A Spanish referee has filed a complaint with local police, claiming that upon notice that he was to be selected as the line judge in next month’s Real Madrid-Barcelona match, his bosses made it clear that he was to make decisions in favor of the Madrid club.

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Here’s the Independent on what the ref, who at this point has decided to remain publicly anonymous for fear of reprisal, alleges went down:

It is understood that one of the pre-designated linesmen had been contacted by the match referee, and informed that the refereeing committee are pressuring him in to favouring Real with his decisions in their clash with fierce rivals Barcelona at the Santiago Bernabeu on 21 November.

The linesman has also reported Jose Angel Jimenez Munoz de Morales, a member of the referees’ committee, for allegedly contacting him directly to put extra pressure on the official to rule in Real’s favour.

The Spanish radio station COPE has acquired the ref’s complaint in its entirety, which you can read here (in Spanish). Barcelona sports daily Sport has pulled a couple key passages, which explain why the linesman specifically was targeted and further allege that this kind of referee corruption has been going on for awhile:

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Later, in the same document, it specificed [sic] that it’s the principle referee of the officiating team who called the assistant to say “it would be more convenient if the most difficult decisions in this game are not taken by the main referee, as it generates more controversy in the media, but by my client, the assistant.”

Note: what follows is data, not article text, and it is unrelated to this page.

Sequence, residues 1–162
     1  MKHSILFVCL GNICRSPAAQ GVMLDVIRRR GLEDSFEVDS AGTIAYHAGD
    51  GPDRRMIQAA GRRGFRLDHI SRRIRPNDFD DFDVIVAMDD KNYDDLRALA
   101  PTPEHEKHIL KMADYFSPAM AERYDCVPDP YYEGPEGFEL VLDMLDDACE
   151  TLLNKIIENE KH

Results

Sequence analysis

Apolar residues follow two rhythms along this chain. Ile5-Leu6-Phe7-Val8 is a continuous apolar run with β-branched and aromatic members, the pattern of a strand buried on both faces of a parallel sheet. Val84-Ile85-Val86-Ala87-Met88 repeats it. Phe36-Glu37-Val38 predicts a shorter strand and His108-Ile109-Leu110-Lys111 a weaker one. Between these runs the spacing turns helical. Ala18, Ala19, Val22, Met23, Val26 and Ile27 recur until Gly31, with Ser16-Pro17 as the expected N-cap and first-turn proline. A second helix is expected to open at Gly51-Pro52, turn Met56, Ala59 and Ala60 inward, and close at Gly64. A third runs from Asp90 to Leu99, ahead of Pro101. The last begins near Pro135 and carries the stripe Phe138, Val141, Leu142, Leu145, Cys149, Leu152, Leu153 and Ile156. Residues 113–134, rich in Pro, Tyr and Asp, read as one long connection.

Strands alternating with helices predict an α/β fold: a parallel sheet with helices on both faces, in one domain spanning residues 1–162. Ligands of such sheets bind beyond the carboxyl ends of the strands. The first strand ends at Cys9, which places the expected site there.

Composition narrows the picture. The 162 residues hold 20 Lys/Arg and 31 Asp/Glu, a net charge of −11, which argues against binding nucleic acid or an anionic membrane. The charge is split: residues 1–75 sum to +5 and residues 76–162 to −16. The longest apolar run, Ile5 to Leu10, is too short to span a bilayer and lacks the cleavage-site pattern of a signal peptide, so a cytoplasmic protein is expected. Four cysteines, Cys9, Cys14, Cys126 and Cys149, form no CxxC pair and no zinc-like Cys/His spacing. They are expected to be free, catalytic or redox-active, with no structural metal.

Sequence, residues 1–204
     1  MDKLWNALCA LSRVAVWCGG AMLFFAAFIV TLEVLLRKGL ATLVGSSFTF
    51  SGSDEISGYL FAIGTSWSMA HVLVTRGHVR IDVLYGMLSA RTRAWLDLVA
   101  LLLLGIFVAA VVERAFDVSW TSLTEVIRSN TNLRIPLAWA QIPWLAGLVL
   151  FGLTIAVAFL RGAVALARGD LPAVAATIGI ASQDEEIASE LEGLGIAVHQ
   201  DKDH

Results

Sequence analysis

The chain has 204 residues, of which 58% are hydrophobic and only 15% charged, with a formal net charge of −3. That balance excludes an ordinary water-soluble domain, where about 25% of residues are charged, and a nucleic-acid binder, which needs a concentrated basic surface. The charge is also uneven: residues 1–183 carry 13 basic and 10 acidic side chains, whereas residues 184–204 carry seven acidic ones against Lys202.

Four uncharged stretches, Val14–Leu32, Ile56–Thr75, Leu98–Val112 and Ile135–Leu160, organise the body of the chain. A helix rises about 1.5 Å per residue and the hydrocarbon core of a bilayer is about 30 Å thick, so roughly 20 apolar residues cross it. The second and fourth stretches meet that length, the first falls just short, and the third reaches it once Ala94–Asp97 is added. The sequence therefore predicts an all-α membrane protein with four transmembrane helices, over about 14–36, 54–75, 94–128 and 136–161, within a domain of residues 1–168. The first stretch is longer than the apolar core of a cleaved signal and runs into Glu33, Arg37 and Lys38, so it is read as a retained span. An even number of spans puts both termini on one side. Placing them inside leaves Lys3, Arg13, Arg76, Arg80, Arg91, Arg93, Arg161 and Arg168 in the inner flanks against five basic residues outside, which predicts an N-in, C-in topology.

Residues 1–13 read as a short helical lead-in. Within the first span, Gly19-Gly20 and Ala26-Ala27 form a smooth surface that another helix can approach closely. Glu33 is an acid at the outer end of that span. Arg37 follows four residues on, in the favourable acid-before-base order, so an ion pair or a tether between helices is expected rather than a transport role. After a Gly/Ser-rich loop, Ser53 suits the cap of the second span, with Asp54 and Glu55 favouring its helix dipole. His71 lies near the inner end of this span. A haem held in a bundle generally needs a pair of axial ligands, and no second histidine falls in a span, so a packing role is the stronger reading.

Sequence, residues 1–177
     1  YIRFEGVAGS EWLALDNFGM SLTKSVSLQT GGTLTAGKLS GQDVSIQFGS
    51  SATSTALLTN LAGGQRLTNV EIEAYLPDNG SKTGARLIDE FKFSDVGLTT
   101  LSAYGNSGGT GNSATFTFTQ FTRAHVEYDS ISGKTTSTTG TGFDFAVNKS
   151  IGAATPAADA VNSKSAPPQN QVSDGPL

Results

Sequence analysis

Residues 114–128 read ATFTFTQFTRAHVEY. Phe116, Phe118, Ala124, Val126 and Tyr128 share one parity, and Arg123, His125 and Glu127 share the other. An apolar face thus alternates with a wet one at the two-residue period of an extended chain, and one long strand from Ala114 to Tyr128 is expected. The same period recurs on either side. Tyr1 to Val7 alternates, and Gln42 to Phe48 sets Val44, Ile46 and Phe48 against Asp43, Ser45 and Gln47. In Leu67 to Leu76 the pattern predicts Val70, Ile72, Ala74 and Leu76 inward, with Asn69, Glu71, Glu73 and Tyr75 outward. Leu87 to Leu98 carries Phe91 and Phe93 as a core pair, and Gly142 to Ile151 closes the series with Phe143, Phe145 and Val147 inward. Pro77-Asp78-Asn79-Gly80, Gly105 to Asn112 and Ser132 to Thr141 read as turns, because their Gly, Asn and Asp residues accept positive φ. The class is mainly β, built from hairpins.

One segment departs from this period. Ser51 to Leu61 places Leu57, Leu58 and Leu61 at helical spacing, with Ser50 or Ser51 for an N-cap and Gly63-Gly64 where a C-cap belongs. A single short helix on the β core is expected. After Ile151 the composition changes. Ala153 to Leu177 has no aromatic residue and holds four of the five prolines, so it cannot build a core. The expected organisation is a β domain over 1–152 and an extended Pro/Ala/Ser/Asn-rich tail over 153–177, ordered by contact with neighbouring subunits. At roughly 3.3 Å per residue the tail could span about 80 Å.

Vicente continued: “If the decisions are made by the assistant, it was considered, less controversy would be generated and it would also dilute more quickly. In addition, it was also stated that this practice has already been tested in 2014-15 and that, precisely, on that occasion the main referee was exposed and critised by the media. For that reason, it was convenient to be more subtle.”

While all of this is still in the investigatory stage and could be discovered to be totally unfounded, it would fit within the larger culture of corruption and suspicion of corruption in Spanish soccer.

Unabashed institutional support for Real Madrid against their rivals and especially Barcelona, at times reaching as high as the nation’s most powerful governmental offices, goes back generations. We’ve touched on a little of that history before, back in the bad old days when Francisco Franco was having Barcelona officials captured, killed, and replaced in the club by men loyal to him.

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And while pro-Real, anti-Barça hostilities have greatly subsided since then, it’s not for nothing that non-Real fans look at many of the curious decisions that tend to go against them and suspect the worst. It’s probably not the best optics when the head of Spain’s soccer governing body skips out on an important meeting to catch a Real Madrid game in Morocco. As the Independent article referenced above points out, Atlético Madrid manager Diego Simeone hinted at this perception in his comments before the season started:

“The league is dangerously prepared for Real Madrid. Madrid cannot go seven years with only winning one league. This year I think that sadly it is difficult to see another team winning it.”

Despite our ethical perceptions of first-world countries, Spain itself and its soccer especially are depressingly corrupt. And not just in favor of Real Madrid. Remember, this is a country where third party teams routinely pay off players in other games to secure favorable results. While this referee’s allegations could be false, the saddest part is that they’re not at all surprising.

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